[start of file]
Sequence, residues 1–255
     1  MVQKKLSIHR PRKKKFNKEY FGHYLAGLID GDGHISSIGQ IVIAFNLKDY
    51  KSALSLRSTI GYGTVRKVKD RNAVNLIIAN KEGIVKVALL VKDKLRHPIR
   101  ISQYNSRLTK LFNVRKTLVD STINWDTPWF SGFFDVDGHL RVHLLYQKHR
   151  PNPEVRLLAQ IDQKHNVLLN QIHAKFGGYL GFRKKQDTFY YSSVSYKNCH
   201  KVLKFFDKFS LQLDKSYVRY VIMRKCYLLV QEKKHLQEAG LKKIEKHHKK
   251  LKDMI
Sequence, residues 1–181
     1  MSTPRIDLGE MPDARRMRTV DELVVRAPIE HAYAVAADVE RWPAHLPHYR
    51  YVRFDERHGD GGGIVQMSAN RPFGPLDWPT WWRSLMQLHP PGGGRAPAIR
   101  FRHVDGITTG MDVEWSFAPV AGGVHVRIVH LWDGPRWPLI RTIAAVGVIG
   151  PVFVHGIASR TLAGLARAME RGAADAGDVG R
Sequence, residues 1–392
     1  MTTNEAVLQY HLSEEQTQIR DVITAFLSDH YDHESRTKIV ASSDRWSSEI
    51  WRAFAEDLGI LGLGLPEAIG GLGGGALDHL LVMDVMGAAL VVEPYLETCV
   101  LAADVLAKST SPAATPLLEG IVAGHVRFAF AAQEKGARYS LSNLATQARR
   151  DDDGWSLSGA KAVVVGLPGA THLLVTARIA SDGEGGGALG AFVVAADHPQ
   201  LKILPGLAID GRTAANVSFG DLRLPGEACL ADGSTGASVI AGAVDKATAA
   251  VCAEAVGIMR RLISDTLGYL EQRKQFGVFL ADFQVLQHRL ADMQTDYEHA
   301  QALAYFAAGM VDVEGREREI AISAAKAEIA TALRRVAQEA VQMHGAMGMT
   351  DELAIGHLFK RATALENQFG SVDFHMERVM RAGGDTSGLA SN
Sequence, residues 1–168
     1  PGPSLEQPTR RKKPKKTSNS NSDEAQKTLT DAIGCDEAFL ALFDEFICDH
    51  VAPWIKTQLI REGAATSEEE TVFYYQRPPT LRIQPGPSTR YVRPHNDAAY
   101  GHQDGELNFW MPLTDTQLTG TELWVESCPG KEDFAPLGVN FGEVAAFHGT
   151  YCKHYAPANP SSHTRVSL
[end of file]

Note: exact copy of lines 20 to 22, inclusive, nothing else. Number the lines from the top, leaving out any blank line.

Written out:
   301  QALAYFAAGM VDVEGREREI AISAAKAEIA TALRRVAQEA VQMHGAMGMT
   351  DELAIGHLFK RATALENQFG SVDFHMERVM RAGGDTSGLA SN
Sequence, residues 1–168